Oil and gas company Shell reported a better-than-expected first-quarter profit on Thursday on strong performance in its fuel trading business, despite lower energy prices.
Shell's quarterly adjusted net profit increased about 6 per cent to $9.65 billion, from $9.13 billion a year earlier. This exceeded the company’s own earnings forecast of $8 billion.
Shell also announced share buyback of $4 billion, the same amount as in the previous quarter.
“Shell delivered strong results and robust operational performance, against a backdrop of ongoing volatility, while continuing to provide vital supplies of secure energy,” Wael Sawan, Shell’s chief executive, said in a statement.
Shell shares were up 1.9 per cent at 12.40pm UAE time following the earnings announcement.
The company's adjusted earnings from its giant integrated gas business rose to $4.92 billion from $4.1 billion a year earlier.
At the same time, profits from the company’s chemicals and refined products unit surged to $1.78 billion from $1.17 billion.
Production volumes of liquefied natural gas were higher than in the fourth quarter as Shell’s Prelude facility in Australia returned to operations after maintenance, the company said.
It reported a record profit of $40 billion in 2022 as it benefited from higher energy prices caused by Russia's invasion of Ukraine last year.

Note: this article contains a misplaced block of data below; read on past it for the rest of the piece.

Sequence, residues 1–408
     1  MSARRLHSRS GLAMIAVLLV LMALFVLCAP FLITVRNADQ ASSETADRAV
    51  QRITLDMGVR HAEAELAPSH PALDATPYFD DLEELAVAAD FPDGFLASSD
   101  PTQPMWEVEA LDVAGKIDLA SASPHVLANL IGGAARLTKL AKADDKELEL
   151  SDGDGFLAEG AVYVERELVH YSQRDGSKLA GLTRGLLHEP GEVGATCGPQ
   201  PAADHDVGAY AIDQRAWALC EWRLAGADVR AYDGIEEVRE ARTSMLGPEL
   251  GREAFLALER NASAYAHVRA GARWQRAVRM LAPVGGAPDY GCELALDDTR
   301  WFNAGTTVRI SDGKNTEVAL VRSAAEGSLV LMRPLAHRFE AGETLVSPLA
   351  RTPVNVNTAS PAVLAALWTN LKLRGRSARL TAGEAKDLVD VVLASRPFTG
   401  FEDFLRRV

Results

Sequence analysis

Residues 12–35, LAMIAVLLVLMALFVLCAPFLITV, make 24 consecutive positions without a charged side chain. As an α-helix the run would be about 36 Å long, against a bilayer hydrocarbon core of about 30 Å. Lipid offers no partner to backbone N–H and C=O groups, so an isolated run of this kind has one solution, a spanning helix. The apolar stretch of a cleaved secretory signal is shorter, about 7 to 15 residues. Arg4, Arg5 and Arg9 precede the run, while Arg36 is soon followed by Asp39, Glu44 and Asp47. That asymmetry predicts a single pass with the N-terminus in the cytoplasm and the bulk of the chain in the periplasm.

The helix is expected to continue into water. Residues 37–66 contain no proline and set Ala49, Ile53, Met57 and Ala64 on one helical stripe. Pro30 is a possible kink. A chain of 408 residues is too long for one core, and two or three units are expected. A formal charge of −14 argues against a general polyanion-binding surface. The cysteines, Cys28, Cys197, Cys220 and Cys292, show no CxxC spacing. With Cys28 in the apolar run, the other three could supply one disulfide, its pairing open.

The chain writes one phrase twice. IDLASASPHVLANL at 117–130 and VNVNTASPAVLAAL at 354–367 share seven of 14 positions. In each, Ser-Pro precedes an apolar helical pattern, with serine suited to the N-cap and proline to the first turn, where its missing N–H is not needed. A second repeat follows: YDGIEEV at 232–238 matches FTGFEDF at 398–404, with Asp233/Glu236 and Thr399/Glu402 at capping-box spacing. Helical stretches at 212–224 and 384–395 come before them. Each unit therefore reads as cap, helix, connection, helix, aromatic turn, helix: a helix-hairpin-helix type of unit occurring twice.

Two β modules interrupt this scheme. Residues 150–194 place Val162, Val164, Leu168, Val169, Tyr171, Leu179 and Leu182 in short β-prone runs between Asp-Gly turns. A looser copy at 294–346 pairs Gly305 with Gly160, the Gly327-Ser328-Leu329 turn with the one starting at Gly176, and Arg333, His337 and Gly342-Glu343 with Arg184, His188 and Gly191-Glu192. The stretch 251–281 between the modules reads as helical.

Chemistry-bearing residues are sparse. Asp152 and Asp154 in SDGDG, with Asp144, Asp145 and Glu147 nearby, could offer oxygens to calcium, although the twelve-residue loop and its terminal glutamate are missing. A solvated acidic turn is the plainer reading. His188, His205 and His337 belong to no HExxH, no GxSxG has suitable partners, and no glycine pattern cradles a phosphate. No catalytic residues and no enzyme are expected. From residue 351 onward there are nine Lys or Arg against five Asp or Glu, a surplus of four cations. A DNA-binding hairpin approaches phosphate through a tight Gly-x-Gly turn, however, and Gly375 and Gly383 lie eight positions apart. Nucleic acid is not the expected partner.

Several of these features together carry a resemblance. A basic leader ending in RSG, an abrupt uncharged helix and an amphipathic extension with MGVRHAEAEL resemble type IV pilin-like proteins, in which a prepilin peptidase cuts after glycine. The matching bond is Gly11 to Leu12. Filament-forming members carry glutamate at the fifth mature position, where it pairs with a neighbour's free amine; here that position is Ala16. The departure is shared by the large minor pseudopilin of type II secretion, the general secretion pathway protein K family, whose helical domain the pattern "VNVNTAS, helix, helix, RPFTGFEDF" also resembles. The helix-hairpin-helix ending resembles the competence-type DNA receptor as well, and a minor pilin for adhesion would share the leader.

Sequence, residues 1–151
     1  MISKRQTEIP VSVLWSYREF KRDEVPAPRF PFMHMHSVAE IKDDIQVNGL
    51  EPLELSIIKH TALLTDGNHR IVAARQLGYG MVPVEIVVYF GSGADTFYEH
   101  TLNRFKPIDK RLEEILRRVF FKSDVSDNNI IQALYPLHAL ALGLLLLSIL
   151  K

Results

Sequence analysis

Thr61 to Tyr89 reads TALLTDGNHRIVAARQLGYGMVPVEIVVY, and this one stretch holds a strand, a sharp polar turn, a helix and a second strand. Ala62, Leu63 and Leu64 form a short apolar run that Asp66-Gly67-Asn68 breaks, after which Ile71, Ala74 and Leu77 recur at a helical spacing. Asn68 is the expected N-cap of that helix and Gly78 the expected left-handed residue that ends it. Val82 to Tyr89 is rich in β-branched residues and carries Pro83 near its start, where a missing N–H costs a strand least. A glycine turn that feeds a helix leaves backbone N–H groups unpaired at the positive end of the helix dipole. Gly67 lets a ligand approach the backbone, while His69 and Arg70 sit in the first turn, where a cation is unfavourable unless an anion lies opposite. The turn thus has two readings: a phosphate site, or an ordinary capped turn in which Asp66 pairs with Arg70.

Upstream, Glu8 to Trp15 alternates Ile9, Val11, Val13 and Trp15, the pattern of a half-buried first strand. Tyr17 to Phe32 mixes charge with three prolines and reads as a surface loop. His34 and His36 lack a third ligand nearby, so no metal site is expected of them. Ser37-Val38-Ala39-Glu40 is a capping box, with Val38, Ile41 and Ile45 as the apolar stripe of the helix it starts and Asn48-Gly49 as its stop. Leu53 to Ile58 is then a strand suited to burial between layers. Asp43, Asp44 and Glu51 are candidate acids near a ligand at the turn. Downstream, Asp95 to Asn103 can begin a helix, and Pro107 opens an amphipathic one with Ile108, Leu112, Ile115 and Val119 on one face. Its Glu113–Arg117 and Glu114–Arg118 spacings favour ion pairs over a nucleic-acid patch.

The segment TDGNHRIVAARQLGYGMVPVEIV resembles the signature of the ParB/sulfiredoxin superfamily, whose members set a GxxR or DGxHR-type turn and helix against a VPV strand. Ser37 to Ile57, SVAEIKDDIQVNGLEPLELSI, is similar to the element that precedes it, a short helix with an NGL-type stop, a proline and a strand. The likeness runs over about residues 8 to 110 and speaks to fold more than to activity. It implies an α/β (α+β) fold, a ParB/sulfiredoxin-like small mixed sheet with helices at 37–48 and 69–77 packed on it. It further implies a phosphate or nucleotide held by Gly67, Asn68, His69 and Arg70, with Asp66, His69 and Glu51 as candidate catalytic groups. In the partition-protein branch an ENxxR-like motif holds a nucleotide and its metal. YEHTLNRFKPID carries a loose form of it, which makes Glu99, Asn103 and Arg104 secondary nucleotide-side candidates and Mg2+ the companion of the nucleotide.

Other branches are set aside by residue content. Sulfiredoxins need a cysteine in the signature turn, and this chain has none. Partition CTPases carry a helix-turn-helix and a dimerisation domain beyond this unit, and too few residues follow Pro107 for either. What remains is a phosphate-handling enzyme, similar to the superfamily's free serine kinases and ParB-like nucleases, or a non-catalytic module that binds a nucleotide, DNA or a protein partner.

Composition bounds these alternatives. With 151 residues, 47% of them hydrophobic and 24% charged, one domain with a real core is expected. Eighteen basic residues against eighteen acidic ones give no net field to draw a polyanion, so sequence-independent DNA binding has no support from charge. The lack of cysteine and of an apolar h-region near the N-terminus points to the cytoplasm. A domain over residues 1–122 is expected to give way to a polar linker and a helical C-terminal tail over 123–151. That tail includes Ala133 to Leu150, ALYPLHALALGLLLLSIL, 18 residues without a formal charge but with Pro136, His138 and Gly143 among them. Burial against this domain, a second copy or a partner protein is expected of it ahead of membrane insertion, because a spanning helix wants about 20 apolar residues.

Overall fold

The full-year earnings of $39.87 billion, one of the biggest ever profits reported by a British company, beat the London-listed company's previous record of $28.4 billion set in 2008. Shell made $19.23 billion in 2021.
Brent, the benchmark for two thirds of the world's oil, surged to nearly $140 a barrel following Russia's invasion of Ukraine last year.
The international benchmark has since given up most of its gains and is currently trading at about $73 a barrel amid growing recession concerns.
“Shell … reported another stellar quarter and produced earnings that came comfortably ahead of estimates,” said Naeem Aslam, chief investment officer at Zaye Capital Markets.
“Shareholders would like to see more commitment on the renewable energy side, as this is the time that the company can actually make investments as it not only has bumper profits but also huge tax breaks in terms of its renewable energy investment,” Mr Aslam said.
Last year, the company announced a plan to invest £20 billion ($22.1 billion) to £25 billion over the next 10 years in Britain's energy infrastructure including oil and gas, offshore wind, electric vehicle charging and hydrogen.
On Tuesday, rival BP posted a profit of about $5 billion in the first quarter of this year on stronger oil and gas trading.
The oil and gas company said it made an underlying profit of $4.96 billion (£4 billion) in the first three months of 2023.
That was up from the $4.8 billion it made in the fourth quarter of last year but down from the $6.25 billion it made in the same period last year.